Manx National Heritage welcomes Andrew Robertshaw BA MA PGCE to present his lecture ‘The Real War Horses: Horse Power, Logistics and Transport 1914-18’ at the Manx Museum on Friday 24th October.
Andrew Robertshaw’s expertise in the field led him on to be the military consultant for the feature film ‘War Horse’ directed by Steven Spielberg. He was formerly the Curator and Manager of The Royal Logistic Corps Museum in Deepcut and Head of Education at The National Army Museum in London and is now Director of Battlefield Partnerships Ltd. They are currently preparing for two archaeological projects on the Western Front. Andrew has regularly made TV appearances, most recently working on episodes of ‘Who Do You Think You Are?’, ‘Find My Past’ and ‘Time Team’.
Within the lecture Andrew examines the contribution made by horses, mules and donkeys to the British army’s war effort on the Western Front. When war began in 1914 the British army possessed a mere 25,000 horses. The War Office was given the urgent task of sourcing a further half million to go into battle.
The Ramsey Courier on Friday 14th August 1914, reports the War Office sending a requisition to the Insular Government for the supply of a hundred horses from the Isle of Man for military purposes. Horses were requisitioned from all over the Island, including those from the stables of the Douglas Corporation and two horses owned by the ‘Steam Packet Company’. Horses were brought to Ramsey for dispatch to England by steamer. Sadly, many faithful animals were wounded or killed in the battlefields and never came home.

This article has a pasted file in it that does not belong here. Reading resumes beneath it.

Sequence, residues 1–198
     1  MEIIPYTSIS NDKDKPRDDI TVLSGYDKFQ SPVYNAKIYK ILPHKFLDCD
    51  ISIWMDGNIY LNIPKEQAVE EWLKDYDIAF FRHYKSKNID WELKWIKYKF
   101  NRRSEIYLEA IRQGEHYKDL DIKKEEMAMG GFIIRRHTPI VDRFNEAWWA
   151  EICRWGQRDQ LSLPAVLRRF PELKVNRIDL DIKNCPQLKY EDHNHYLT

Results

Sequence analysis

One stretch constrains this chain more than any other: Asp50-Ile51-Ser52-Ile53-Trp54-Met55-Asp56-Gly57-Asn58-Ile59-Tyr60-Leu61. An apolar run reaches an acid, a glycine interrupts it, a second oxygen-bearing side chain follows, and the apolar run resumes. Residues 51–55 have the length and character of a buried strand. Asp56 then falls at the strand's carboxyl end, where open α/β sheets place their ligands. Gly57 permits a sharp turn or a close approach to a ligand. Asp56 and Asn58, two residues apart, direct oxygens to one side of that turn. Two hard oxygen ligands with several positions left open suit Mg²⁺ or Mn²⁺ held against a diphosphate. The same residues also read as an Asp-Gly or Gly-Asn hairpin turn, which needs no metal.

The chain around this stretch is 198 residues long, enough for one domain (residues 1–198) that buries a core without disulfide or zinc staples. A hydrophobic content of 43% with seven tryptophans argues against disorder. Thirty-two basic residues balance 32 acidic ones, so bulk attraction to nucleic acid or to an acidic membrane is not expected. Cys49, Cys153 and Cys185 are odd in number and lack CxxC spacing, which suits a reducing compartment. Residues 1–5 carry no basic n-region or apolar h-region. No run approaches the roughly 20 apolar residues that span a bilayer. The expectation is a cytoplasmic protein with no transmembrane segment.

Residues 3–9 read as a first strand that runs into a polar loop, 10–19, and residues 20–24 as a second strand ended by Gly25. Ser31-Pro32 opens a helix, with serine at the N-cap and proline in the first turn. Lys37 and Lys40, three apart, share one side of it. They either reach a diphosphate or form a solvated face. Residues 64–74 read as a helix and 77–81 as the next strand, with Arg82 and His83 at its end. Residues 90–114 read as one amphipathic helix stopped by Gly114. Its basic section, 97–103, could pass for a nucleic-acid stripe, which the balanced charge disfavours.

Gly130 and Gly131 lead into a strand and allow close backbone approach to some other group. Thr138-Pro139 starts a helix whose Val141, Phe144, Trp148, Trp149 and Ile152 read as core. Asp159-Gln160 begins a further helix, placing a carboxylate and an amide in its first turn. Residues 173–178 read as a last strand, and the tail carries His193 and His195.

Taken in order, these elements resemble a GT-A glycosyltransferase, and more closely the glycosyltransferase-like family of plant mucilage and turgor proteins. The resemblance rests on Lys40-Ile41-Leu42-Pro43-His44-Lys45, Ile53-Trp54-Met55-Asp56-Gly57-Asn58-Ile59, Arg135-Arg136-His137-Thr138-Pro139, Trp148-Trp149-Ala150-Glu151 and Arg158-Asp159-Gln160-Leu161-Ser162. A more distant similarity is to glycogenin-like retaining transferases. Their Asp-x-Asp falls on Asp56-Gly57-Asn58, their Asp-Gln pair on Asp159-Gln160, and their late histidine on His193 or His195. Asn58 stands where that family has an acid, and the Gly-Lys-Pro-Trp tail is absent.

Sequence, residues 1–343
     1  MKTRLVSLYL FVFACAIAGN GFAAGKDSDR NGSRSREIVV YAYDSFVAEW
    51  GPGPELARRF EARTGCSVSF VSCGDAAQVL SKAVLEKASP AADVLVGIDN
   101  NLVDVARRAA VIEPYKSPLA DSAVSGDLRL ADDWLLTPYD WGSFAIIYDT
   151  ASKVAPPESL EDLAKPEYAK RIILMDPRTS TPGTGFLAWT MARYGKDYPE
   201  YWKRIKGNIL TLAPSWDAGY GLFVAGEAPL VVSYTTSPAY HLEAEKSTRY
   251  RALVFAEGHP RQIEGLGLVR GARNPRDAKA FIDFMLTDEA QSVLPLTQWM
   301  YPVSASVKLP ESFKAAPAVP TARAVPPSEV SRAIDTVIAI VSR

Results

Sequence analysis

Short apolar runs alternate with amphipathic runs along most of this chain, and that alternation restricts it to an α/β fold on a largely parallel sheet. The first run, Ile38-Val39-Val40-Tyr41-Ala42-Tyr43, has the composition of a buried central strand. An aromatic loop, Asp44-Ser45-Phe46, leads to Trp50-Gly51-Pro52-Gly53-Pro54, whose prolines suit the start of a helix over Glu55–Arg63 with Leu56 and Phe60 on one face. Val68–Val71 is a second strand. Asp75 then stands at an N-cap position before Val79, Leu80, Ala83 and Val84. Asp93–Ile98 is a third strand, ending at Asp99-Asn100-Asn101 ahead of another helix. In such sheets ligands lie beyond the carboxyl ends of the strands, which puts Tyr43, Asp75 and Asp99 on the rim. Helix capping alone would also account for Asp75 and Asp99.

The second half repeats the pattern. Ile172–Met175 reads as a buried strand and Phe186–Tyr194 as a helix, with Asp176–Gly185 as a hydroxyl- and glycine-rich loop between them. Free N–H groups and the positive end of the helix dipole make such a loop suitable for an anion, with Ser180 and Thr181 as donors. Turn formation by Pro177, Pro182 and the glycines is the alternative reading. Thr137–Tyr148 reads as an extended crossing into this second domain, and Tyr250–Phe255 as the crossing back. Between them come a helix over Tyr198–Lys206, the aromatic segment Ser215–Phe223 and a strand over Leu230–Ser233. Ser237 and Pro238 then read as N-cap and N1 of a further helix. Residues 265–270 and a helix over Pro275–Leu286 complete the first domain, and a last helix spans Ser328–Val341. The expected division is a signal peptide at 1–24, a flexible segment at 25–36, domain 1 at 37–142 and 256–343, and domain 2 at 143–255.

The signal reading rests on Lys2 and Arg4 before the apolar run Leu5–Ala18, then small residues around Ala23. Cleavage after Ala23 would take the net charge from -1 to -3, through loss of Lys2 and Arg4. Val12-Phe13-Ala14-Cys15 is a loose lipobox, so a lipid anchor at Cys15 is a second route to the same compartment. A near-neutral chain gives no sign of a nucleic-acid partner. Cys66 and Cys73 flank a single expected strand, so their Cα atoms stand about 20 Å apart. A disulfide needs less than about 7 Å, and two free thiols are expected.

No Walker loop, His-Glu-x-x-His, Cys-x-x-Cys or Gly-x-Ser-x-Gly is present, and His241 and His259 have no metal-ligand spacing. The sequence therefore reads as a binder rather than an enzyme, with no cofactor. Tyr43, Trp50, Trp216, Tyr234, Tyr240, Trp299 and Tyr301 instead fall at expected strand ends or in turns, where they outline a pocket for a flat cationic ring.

‘Imp’ a much loved horse of Canadian breed, was however happily returned to the Isle following the First World War. After his military career in the battlefields of France, Imp finally found rest at the Glencrutchery Children’s Home. Imp’s companion ‘Baby’ purchased at the same time, was also pensioned in a field owned by the Tramway’s Committee.
The lecture is part of the Manx National Heritage 2014 programme to commemorate the First World War in conjunction with the exhibition This Terrible Ordeal at the Manx Museum. One very special object in the exhibition is a horse shoe belonging to a war horse named ‘Molly’. Before the war Molly worked for fruit and veg merchants Dale and Colvin, a family business based on the North Quay in Douglas. She also returned to the Isle following the war, and when Molly eventually passed, her shoe was hung at the entrance to the warehouse to bring good luck.
Andrew Robertshaw’s lecture ‘The Real War Horses’ will take place at the Manx Museum on Friday 24th October 7.30pm start, doors open at 7pm. Tickets are £10 available from the Manx Museum Gallery Shop and online. A 10% discount is available to members and ACE cardholders, places are limited so please purchase in advance to avoid disappointment.
Image: ‘Imp’ the War Horse – photographed in the Isle of Man Times, 3rd October 1936, page 10